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misery would but ill express my complicated wretchedness and that on his fate my own and (shall I not add ?) that of a tender, fond, and alas ! widowed mother depend, I am persuaded you will not wonder, nor be offended, that I am thus bold in conjuring your lordship will consider with your usual candour and benevolence the observations" I now offer you, as well as the painful situation of my dear and unhappy brother.
“ I have the honour, &c.
“ Nessy Heywood."
Whether this letter and its enclosure produced any effect on the mind of Lord Chatham does not appear; but no immediate steps were taken, nor was any answer given: and this amiable young lady and her friends were suffered to remain in the most painful state of suspense for another fortnight. A day or two before the warrant was despatched, that excellent man Mr. Graham writes thus to Mrs. Heywood :
My dear Madam, “ If feeling for the distresses and rejoicing in the happiness of others denote a heart which entitles the owner of it to the confidence of the good and virtuous, I would fain be persuaded that mine has been so far interested in your misfortunes, and is now so pleased with the prospect of your being made happy, as cannot fail to procure me the friendship of your family, which, as it is my ambition, it cannot cease to be my desire to cultivate,
“ Unused to the common rewards which are sought after in this world, I will profess to anticipate more real pleasure and satisfaction from the simple declaration of you and yours, cept of your services, and we thank you for them," than it is in common minds to conceive; but, fearful lest a too grateful sense should be entertained of the friendly offices I have been engaged in (which,
however, I ought to confess I was prompted to, in the first place, by a remembrance of the many obligations I owed to Commodore Pasley), I must beg you will recollect, that by sending to me your charming Nessy (and if strong affection may plead such a privilege, I may be allowed to call her my daughter also) you would have overpaid me if my trouble had been ten times and my uneasiness ten thousand times greater than they were, upon what I once thought the melancholy, but now deem the fortunate, occasion which has given me the happiness of her acquaintance. Thus far, my dear madam, I have written to please myself. Now, for what must please you; and in which, too, I have my share of satisfaction.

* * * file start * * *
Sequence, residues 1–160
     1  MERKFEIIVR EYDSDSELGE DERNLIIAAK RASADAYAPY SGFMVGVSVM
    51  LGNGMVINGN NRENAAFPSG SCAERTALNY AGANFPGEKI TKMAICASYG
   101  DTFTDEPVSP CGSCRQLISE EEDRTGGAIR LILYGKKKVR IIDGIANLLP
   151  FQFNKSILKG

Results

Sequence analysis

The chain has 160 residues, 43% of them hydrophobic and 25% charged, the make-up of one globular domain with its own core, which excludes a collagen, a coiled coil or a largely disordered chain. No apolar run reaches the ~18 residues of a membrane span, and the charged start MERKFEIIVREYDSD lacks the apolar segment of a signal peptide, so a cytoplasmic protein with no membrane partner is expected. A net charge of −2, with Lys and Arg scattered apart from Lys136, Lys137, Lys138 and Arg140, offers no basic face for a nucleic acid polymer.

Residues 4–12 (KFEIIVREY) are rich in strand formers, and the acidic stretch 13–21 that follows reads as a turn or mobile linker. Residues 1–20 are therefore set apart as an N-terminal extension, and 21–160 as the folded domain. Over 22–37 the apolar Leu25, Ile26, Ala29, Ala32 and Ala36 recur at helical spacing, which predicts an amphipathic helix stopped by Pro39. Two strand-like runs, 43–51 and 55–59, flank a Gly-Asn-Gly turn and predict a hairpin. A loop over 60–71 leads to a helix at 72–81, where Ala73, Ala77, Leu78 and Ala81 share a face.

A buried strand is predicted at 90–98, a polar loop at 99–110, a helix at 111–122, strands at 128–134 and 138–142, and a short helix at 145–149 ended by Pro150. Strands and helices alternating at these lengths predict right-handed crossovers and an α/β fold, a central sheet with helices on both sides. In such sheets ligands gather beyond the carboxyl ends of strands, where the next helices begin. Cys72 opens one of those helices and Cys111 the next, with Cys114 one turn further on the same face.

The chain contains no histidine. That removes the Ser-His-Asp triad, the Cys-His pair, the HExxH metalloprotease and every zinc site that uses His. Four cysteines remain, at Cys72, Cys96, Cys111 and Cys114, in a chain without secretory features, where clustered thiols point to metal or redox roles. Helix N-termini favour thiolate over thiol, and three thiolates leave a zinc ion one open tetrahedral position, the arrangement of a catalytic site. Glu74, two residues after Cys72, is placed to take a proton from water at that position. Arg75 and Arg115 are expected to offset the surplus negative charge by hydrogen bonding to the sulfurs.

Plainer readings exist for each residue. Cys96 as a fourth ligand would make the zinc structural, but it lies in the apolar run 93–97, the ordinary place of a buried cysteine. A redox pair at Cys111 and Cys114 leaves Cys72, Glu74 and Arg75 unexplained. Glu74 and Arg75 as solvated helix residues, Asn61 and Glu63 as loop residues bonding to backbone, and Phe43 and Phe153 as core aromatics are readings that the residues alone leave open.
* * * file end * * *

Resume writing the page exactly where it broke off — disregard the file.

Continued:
“The business, though not publicly known, is most certainly finished; and what I had my doubts about yesterday I am satisfied of to-day. Happy, happy, happy family! accept of my congratulations; not for what it is in the power of words to express, but for what I know you will feel, upon being told that your beloved Peter will soon be restored to your bosom with every virtue that can adorn a man, and ensure to him an affectionate, a tender, and truly welcome reception."
At the foot of this letter Nessy writes thus :“ Now, my dearest mamma, did you ever in all your life read so charming a letter? Be assured it is ex. actly characteristic of the benevolent writer. What would I give to be transported (though only for a moment) to your elbow, that I might see you read it? What will you feel, when you know assuredly that you may with certainty believe its contents ? Well may Mr. Graham call us happy! for never felicity could equal ours! Don't expect connected sentences from me at present, for this joy makes me almost delirious. Adieu ! love to all I need not say be happy and blessed as I am at this dear hour, my beloved mother, 6 Your most affectionate,